By now you will have had the talk. I know we have. “Of course I'm not on Ashley Madison!” said the economist. “Think about it for a moment. It costs $350 (for an 'affair guaranteed' membership).” Well OK, then. If only cheapness was a barrier to infidelity for other men. Life is short so they're going to have an affair, dammit. And quite possibly shorten their lives even more, should their wives find out. With the whole 'list of cheaters' thing making a lie of the oft-quoted adage 'nobody knows what goes on inside a relationship but the people in it', women everywhere suddenly find themselves (instead of bored rigid by the very idea) wondering exactly what their men get up to when they're supposed to be down the club/pub/shrubbery. Because they aren't just watching each others' beards grow.

Yes, there were women on the adultery website, but women don't need to go on the internet to find someone to have sex with – they were probably just having a laugh. And yes, women lead covert lives, of course, with a cloak-and-dagger, gated-community mentality around the private business of beauty and fighting off the seven signs of aging. The problem is, we've been so busy buying butt-lifting trousers and waxing to prevent Edwardian handlebar mustachios that men, unchecked, have been running amok, conducting secret man business all over the show.

Men cheat. I once caught a chef boyfriend al dente with two waitresses. “Its not what it looks like,” he had the audacity to say. But it was exactly what it looked like – and not a game of naked Twister gone horribly awry. I've never cheated, although there has sometimes been a certain fluidity between the end of one relationship and the beginning of another, akin to stabilizing water levels in a lock so your boat doesn't scrape its bottom. This is natural, and not, as the economist relishes in describing it, “like a little monkey swinging from one branch to another.”

Anyway, this isn't about me. This is about men not being able to keep it in their pants. “Its an involuntary thing, darling,” said the economist. “No-one's doing it deliberately. Its Nature's way, we can't help it.” This smacked of a 'tripped on the rug with my trousers round my ankles,' Carry OnUp the Khyber sort of excuse. “Try again,” I said, agitating my coffee cup.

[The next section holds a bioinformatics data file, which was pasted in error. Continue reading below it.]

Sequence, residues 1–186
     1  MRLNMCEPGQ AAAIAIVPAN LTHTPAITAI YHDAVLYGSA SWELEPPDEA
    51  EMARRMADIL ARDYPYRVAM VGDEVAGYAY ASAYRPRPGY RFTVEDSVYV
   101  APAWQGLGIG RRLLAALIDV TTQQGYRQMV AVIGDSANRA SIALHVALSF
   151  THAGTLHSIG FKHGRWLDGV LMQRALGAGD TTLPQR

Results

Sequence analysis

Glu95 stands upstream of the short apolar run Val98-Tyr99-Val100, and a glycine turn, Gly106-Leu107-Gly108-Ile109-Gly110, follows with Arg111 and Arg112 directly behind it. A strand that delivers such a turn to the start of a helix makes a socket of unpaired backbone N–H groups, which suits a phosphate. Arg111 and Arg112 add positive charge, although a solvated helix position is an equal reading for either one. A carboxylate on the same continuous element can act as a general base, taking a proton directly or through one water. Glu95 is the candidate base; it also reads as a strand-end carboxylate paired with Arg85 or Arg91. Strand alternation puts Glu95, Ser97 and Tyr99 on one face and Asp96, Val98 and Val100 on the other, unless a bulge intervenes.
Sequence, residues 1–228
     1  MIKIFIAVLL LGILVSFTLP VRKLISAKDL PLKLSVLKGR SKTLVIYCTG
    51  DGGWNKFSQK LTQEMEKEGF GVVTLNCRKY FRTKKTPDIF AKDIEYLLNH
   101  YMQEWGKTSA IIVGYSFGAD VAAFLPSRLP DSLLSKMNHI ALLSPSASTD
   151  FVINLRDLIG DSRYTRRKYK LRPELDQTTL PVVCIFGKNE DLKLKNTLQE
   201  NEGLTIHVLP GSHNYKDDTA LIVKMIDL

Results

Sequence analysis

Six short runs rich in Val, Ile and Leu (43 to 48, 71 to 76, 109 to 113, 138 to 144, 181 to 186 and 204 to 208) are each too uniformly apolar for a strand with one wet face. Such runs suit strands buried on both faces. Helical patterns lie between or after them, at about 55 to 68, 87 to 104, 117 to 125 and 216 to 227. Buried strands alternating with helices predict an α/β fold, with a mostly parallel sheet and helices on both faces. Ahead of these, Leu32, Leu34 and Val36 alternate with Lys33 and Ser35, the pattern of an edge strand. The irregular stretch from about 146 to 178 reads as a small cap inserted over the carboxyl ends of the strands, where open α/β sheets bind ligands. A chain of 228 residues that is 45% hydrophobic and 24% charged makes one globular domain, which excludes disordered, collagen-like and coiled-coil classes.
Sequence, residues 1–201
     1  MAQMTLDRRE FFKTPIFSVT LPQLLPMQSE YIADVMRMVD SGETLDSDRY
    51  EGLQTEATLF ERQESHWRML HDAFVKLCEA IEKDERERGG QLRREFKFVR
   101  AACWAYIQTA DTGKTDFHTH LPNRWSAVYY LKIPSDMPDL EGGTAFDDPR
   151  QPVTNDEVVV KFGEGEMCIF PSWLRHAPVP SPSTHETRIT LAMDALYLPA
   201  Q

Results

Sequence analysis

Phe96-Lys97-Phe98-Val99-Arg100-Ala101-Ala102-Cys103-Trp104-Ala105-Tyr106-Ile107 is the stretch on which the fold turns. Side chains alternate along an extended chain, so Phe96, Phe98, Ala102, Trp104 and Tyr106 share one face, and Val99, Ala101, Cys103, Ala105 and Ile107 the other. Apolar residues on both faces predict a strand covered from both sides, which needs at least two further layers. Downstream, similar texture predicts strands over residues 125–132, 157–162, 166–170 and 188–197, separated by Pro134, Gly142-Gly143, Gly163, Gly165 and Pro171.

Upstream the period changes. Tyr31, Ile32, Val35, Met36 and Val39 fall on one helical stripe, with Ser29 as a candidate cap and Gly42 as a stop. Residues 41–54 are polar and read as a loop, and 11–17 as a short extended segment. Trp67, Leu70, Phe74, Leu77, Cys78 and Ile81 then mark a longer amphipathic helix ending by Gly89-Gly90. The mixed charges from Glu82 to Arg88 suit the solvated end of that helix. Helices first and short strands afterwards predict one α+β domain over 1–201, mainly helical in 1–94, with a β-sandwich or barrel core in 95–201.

“Its not cheating, its furthering the species. I don't think in those terms though, do I? I suppose I would if I wasn't so lazy. Men are pervs. We're looking at pornography, we're looking at your bum. You can't blame a dog for barking. Men are hunters, and what do you think we're hunting? The only reason we are here is to breed.” It had suddenly gone all prehistoric in the kitchen. Deciding to come back when it was less dangerous, I went to the movies with Tall Gorgeous Blonde.

Not that it had anything to do with anything, but the movie was Amy Schumer's Trainwreck. I love Amy Schumer but her script seemed to have been seriously derailed by a Hollywood executive who loved basketball. However, there was one bit that jangled my interest long enough to stop me tossing popcorn: teaching his daughters to chant 'Monogamy isn't realistic,' Amy's dad likened marriage to having to play with one doll for the rest of your life when there are so many other interesting dolls (stewardess doll, slightly-overweight waitress doll) who want to play with you.

I went home to my favourite doll, thinking about Sigmund Freud, who said anatomy is destiny. If my anatomy included a certain appendage, would I be destined to cut a Byronesque swathe? “If you had a penis, you'd probably be in prison,” said the economist. Harsh, and untrue: I've already been in prison once this year without one. Seriously, humans might not be much more than shag-happy animals with nice caves but we also have free will. Some of us just don't have any self-control, a cheating man like an incontinent dog that has to wee on every lamppost it meets. And maybe monogamy just comes down to too much to lose. Or, as the economist put it, “I would, every man would, but I wouldn't because the costs are too high. I'd lose you and I'd feel wretched, so I don't.”

That's true love, that is.

AuthorLisa Scott